All Users, Committers and Supporters are encouraged to participate
in decisions, but the decision itself is made by those that have
Committer status in the Project. In other words, the Project
is a "Minimum Threshold Meritocracy".
Any User or Supporter may vote on any issue or action item.
However, the only binding votes are those cast by a Committer.
If the vote is about a change to the source code or
documentation and the primary author is not
a Committer, the primary author of what is being changed may
also cast a binding vote on that issue.
The act of voting carries certain obligations. Voting members
are not only stating their opinion, they are also agreeing to
help do the work.
Each vote can be made in one of three flavors:
+1 - "Yes," "Agree," or "the action should be performed."
On some issues this is only binding if the voter has tested
the action on their own system(s).
+/-0 - "Abstain," "no opinion". An abstention may have
detrimental effects if too many people abstain.
-1 - "No." On issues where consensus is required, this vote
counts as a veto. All vetos must contain an explanation of why
the veto is appropriate. Vetos with no explanation are void. No
veto can be overruled. If you disagree with the veto, you should
lobby the person who cast the veto. Voters intending to veto an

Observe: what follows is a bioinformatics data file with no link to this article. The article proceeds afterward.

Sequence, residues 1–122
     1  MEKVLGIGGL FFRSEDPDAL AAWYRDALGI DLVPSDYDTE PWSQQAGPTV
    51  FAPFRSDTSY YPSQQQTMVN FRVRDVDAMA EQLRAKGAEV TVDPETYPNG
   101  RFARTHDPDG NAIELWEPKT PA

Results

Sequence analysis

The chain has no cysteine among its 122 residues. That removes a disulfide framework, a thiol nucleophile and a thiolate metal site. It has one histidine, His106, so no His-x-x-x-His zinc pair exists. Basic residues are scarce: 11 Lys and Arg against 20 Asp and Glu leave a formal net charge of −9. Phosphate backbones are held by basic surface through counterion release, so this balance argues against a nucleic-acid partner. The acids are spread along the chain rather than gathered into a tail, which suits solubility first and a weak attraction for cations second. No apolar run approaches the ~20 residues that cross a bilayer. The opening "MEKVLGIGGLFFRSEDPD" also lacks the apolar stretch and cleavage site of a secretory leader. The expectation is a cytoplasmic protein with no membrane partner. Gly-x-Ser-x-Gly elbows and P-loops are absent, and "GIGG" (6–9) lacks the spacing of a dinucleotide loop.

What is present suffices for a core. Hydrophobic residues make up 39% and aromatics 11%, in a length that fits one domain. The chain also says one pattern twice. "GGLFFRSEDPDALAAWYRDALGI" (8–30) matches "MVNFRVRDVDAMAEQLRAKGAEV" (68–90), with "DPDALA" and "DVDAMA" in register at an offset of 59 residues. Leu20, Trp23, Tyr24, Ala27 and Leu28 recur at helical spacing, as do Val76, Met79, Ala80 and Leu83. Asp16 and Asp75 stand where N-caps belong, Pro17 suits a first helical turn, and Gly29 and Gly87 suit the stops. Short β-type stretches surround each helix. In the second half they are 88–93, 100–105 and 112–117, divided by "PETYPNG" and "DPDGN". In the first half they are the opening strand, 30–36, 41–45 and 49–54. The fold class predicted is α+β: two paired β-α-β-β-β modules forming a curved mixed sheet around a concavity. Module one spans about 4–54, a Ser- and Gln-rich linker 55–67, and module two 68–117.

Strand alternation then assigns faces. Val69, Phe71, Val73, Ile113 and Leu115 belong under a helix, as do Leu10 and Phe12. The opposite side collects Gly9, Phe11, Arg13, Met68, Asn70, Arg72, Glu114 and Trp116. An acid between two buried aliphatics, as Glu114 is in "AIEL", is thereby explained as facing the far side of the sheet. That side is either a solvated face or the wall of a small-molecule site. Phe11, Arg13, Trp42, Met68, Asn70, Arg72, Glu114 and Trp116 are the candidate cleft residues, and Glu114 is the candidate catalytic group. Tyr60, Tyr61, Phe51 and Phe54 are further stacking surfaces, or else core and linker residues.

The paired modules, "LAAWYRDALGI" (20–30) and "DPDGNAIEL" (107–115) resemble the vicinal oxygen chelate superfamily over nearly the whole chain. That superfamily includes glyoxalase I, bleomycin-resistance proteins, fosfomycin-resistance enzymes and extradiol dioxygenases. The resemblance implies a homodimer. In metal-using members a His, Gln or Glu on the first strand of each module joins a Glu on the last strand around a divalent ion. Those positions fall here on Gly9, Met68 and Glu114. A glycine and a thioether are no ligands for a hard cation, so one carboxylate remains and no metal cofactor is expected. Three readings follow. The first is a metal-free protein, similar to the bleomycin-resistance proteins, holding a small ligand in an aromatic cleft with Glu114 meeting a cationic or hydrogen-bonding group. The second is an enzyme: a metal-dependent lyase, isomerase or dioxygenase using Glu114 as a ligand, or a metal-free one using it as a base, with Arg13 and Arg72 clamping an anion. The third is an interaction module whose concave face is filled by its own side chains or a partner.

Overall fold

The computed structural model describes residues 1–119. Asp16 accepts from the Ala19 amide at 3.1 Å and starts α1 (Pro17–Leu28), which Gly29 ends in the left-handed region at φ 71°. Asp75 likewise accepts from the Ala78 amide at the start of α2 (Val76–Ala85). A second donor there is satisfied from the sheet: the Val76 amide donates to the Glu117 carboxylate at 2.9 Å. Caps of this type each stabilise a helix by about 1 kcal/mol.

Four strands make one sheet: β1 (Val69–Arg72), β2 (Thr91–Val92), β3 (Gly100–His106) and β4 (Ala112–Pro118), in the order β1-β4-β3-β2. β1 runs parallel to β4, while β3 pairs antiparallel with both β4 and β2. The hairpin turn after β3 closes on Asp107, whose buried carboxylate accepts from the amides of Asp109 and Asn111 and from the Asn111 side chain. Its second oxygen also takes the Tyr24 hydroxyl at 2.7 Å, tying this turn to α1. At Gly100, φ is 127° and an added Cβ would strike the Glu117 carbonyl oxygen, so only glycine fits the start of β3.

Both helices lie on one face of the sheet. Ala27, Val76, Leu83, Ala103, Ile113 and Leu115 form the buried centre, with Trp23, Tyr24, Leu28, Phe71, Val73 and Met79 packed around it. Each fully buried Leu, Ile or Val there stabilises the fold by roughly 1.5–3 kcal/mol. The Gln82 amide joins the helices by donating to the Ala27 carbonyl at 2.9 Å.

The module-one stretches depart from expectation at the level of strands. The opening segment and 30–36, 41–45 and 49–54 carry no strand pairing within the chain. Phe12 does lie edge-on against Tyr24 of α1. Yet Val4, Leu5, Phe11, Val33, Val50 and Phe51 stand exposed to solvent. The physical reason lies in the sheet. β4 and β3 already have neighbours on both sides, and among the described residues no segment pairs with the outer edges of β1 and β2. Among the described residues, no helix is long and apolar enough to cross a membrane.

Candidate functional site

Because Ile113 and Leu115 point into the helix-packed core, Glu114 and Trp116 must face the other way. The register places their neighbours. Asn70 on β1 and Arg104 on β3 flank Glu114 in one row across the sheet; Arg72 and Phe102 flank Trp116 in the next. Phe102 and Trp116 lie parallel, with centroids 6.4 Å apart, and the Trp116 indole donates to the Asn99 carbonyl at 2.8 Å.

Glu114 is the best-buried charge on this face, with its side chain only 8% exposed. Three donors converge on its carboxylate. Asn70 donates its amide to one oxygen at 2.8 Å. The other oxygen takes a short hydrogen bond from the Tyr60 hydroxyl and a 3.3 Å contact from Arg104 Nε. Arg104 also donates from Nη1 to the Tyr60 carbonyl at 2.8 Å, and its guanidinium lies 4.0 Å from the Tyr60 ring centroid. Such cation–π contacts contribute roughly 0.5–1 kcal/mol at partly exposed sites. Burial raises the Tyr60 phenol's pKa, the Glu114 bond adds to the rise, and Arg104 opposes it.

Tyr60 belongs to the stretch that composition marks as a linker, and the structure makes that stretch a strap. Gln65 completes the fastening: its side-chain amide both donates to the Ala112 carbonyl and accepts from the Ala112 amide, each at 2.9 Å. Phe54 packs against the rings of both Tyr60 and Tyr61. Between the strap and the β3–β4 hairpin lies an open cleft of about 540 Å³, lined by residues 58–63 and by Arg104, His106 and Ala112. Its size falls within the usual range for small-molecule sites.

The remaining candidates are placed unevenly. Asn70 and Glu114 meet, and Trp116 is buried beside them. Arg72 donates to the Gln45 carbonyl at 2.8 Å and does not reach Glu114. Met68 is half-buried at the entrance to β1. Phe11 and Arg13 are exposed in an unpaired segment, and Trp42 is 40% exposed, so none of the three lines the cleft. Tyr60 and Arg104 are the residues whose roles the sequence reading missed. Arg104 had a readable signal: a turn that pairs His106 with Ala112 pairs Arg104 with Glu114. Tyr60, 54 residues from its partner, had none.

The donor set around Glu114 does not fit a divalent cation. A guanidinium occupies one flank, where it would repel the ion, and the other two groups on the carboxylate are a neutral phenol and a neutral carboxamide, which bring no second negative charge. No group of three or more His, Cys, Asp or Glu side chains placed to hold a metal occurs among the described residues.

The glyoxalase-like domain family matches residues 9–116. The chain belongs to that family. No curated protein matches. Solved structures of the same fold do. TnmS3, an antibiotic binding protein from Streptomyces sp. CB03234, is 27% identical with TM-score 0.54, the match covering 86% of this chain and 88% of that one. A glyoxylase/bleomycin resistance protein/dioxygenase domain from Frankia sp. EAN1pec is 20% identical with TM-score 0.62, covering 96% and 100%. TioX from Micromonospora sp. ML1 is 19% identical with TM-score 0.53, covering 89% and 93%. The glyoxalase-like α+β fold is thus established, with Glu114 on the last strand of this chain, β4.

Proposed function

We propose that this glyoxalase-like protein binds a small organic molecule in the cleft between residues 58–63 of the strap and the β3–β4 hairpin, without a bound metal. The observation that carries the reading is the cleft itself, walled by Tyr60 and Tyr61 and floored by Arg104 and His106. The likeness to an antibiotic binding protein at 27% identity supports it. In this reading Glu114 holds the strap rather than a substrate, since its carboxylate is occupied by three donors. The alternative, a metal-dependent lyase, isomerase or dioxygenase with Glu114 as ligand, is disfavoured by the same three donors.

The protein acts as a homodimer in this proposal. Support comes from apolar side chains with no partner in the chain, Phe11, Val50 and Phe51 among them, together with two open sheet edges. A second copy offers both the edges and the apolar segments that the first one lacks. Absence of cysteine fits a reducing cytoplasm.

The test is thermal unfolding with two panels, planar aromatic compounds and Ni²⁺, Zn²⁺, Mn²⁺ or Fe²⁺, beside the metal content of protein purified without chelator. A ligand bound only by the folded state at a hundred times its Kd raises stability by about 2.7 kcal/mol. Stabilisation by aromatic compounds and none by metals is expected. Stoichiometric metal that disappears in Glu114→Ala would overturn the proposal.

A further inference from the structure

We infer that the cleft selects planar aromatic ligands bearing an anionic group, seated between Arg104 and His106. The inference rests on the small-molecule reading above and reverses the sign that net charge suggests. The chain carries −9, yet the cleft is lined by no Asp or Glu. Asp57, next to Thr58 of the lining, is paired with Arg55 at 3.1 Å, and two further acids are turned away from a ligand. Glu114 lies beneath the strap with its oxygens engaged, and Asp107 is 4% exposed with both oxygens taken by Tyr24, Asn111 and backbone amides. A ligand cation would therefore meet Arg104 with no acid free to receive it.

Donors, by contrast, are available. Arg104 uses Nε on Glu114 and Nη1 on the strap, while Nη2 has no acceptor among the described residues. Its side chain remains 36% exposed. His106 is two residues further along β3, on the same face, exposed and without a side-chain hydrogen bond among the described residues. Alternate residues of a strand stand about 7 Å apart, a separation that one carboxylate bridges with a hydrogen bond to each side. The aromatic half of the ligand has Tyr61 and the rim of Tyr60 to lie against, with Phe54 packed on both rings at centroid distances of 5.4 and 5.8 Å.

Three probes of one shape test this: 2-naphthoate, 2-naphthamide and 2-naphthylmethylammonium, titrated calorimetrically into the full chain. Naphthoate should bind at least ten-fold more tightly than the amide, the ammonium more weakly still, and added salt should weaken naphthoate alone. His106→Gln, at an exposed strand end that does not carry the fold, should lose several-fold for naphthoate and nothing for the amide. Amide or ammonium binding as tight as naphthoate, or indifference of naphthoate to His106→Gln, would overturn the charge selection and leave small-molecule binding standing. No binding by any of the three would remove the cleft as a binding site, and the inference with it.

action item should make their opinions known to the group
immediately so that the problem can be remedied as early as
An action requiring consensus approval must receive at least 3
+1 votes and no vetos. An action requiring majority approval must
receive at least 3 +1 votes and more +1 votes than -1 votes. All other
action items are considered to have lazy approval until somebody votes
-1, after which point they are decided by either consensus or majority
vote, depending on the type of action item.
All decisions revolve around "Action Items." Action Items
consist of the following:
- Long Term Plans
- Short Term Plans
- Release Plan
- Release Testing
- Product Changes
|Long Term Plans|
Long term plans are simply announcements that group members
are working on particular issues related to the Project.
These are not voted on, but Users or Supporters who do not agree
with a particular plan, or think that an alternative plan
would be better, are obligated to inform the group of their
|Short Term Plans|
Short term plans are announcements that a Committer is
working on a particular set of documentation or code files
with the implication that other Committers should avoid
them or try to coordinate their changes.
A release plan is used to keep all Committers aware of when
a release is desired, who will be the release manager, when
the repository will be frozen to create a release, and
other assorted information to keep Committers from tripping
over each other. Lazy majority decides each issue in a
After a new release is built, it must be tested before being
released to the public. Majority approval is required before
the release can be made.
Showstoppers are issues that require a fix be in place before
the next public release. They are listed in the status file
in order to focus special attention on these problems. An
issue becomes a showstopper when it is listed as such in the
status file and remains so by lazy consensus.
Changes to the products of the Project, including code and
documentation, will appear as action items in the status
file. All product changes to the currently active repository
are subject to lazy consensus.